Here I have to mention that I'm Laz and my people have very interesting history and culture, which I'll try to expose in my following articles!

Why Is Georgian Important For The World?

Every language is unique in its own way. Georgian has many unique characteristics, that's why it's considered as the heritage of humanity. Here are few reasons why Georgian is important.

  • Georgian literature is the treasure for Christian world. Our Hagiography is rich with Biblical symbolisms and parallels.
  • Georgian is an ancient language and our chronicles have a vast information about national and world history.
  • If you're fond of Mythology, then Georgia will be your paradise. Georgia, or Kolkha, old Georgian kingdom is mentioned in some of the Greek myths, like the myth of Argonauts. Furthermore, despite the fact that Georgia is a Christian country, we have our own mythological world which is still part of our everyday life.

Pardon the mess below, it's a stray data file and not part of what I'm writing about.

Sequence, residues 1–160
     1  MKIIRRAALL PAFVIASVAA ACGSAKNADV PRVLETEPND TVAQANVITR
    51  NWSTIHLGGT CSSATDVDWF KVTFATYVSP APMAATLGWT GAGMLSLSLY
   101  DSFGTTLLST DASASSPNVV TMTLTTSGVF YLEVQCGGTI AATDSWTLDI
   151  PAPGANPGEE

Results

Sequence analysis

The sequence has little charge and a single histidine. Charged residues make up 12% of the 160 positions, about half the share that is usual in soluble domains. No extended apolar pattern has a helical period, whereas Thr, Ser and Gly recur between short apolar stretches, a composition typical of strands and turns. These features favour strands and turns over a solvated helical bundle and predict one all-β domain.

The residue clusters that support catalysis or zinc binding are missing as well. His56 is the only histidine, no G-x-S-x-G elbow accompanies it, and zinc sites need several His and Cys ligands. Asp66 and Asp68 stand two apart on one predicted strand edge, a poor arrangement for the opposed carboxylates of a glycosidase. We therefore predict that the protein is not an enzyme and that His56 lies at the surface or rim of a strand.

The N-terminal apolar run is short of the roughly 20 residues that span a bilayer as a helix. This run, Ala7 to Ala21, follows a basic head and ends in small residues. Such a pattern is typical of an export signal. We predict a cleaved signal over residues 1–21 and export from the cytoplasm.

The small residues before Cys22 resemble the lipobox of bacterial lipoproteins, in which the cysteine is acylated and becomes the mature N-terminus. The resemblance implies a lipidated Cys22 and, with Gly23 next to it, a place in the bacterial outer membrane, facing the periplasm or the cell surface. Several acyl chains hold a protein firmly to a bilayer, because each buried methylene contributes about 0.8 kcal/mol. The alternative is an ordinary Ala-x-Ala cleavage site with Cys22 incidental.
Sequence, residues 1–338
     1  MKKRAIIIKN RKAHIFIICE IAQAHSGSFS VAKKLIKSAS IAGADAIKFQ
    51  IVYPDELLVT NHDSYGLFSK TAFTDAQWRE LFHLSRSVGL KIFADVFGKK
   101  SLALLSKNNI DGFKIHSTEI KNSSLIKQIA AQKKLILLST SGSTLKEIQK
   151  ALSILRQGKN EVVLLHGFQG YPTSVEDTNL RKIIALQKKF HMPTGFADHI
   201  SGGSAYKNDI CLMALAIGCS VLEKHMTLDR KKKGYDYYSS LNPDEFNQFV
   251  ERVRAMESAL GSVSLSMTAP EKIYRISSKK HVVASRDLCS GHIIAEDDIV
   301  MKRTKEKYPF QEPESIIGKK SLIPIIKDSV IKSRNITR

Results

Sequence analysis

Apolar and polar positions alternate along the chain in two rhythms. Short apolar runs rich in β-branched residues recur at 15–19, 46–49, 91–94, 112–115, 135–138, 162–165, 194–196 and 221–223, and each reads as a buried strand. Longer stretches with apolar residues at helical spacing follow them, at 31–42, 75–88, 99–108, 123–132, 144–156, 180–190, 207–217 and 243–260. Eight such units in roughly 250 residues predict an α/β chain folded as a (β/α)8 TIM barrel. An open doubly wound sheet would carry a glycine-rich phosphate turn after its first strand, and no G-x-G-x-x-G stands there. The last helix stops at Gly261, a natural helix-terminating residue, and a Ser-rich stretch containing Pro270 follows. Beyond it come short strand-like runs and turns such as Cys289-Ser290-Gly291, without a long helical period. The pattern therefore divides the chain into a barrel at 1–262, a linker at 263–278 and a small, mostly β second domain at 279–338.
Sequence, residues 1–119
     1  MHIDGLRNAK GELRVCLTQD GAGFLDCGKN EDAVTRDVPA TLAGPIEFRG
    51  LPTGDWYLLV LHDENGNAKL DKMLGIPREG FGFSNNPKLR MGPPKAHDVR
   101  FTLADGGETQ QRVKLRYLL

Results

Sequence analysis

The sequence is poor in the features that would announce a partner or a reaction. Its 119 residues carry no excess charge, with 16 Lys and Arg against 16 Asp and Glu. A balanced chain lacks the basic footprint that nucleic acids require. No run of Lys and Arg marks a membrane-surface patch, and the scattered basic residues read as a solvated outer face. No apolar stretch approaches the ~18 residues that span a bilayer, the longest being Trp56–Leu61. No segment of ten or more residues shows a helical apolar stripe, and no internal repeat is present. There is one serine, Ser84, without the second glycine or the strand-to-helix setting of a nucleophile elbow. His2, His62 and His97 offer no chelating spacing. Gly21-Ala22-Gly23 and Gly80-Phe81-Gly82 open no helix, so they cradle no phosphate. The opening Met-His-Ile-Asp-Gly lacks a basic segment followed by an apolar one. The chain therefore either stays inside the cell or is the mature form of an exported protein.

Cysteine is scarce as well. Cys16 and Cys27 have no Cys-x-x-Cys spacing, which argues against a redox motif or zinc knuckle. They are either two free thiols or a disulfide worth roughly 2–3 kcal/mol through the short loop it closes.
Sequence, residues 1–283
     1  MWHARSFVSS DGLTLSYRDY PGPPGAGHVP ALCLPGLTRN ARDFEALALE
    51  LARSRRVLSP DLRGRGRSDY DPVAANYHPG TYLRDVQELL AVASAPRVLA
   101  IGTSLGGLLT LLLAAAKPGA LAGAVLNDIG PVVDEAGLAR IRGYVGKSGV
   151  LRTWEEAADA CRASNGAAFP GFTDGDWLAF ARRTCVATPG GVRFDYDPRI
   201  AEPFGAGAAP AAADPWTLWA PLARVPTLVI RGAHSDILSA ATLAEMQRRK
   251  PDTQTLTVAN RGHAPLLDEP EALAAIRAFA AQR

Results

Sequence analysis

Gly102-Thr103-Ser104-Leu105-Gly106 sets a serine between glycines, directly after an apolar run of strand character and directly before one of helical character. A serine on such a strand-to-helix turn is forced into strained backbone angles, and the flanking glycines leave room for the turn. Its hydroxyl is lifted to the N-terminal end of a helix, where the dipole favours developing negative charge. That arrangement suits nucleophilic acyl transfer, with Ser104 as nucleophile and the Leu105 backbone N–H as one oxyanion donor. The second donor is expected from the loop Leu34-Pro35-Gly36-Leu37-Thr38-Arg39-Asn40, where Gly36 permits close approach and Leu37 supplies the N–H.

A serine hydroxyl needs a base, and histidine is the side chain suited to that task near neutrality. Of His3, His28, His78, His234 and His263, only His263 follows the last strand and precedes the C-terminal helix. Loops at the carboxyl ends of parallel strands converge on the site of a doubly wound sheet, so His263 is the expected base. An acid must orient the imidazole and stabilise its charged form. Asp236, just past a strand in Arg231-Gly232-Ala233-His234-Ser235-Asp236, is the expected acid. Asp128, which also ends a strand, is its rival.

Georgian Mythologycal Hero

At the bottom is written hero's name - Amirani
At the bottom is written hero's name - Amirani

Can I Learn Georgian?

YES! Although it's ranked as ,,exceptionally difficult " level 4 (out of 5) language, Georgian is not as hard to learn as it seems. Foreigners are sometimes frightened because of its uniqueness. Actually, Georgian is pretty easy to catch on. The only big difficulty is pronunciation and verb system. Here are some facts about the language which are quite interesting.